Pancreatic cancer patients with BRCA mutation may benefit from targeted drug
A physician-scientist at the University of Arizona Cancer Center investigated a novel treatment for pancreatic cancer patients whose tumors exhibited a harmful genetic mutation.
The results, in which a type of drug called a PARP inhibitor showed early promise in treating pancreatic cancer in patients with mutations in the BRCA gene, were published online last month in the Journal of Clinical Oncology Precision Oncology.
Rachna Shroff, MD, the UA Cancer Center's new section chief of gastrointestinal medical oncology and the study's principal investigator, said, "There are two combination chemotherapies that are approved for treating metastatic pancreatic cancer. Beyond that, not a lot has been proven to be successful in newly diagnosed patients."
Pancreatic cancer is predicted to become the second-deadliest cancer by 2020. In most cases, by the time the disease is diagnosed, the cancer has spread beyond the pancreas and cannot be cured with surgery. The cancer's deadliness is exacerbated by a dearth of treatment options.
Pancreatic cancer often is treated with a regimen called FOLFIRINOX, a combination that includes oxaliplatin, a platinum-based chemotherapy that blocks cell division. Tumors can develop resistance to platinum therapies, however, and when traditional chemotherapy fails, few options remain.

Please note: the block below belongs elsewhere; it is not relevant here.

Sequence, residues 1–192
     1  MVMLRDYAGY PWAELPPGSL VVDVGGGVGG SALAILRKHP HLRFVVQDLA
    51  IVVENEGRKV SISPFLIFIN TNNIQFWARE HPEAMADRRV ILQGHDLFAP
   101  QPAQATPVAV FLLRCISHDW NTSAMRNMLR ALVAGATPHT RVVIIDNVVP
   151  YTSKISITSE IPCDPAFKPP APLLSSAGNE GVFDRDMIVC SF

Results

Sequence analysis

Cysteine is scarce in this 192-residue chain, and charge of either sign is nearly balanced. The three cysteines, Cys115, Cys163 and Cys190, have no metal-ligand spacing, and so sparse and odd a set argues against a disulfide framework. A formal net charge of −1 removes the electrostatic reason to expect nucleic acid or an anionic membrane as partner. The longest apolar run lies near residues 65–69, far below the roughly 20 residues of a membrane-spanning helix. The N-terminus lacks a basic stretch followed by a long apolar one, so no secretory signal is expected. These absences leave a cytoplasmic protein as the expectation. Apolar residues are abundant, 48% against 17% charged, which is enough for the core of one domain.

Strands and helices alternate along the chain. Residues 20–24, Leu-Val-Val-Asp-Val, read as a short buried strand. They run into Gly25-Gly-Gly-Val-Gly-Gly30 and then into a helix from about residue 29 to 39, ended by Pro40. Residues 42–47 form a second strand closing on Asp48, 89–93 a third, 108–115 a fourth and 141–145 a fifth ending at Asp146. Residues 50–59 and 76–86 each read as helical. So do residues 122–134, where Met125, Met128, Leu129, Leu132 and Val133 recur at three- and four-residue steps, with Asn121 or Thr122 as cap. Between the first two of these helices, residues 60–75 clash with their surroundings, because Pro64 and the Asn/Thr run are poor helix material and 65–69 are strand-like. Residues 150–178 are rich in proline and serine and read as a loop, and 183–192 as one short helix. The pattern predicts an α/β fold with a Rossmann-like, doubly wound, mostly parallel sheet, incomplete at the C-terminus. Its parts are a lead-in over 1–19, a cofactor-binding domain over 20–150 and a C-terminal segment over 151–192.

"The new frontier for pancreatic cancer is finding ways to target pancreatic cancer outside of traditional chemotherapy," Dr. Shroff said. Whereas chemotherapy drugs use a "wrecking-ball" approach to attack cancer cells without regard to their underlying genetics, cancer researchers hope for targeted treatments that can zero in like a laser on a tumor cell's unique molecular features. As genetic analysis becomes more widespread, scientists could begin to identify different subsets of pancreatic cancers, each of which could be targeted by drugs optimized for their unique genetic profiles.
Nine percent of pancreatic cancer patients have a mutation in the BRCA gene, making them one subset that already has been identified. Under normal circumstances, BRCA keeps tumors at bay by repairing damaged DNA. However, a mutation in BRCA causes it to lose its tumor-suppressing abilities, increasing susceptibility to cancer.
"This is a very important subset," said Dr. Shroff. "I don't think we've fully understood how best to serve this population."
PARP is a protein that repairs damaged DNA in tumor cells, helping cancer to grow. Rucaparib is a PARP inhibitor, a drug that blocks PARP from repairing DNA, thereby killing cancer cells. Because it is effective in breast and ovarian cancers with the BRCA mutation, Dr. Shroff hoped to learn if it would work in pancreatic cancer patients with that mutation as well.
"Cancer cells are rapidly dividing," Dr. Shroff explained. "This inhibitor targets the enzyme that helps them rapidly divide and grow without errors in DNA replication. PARP is probably one of the few valid targets we have identified in pancreatic cancer."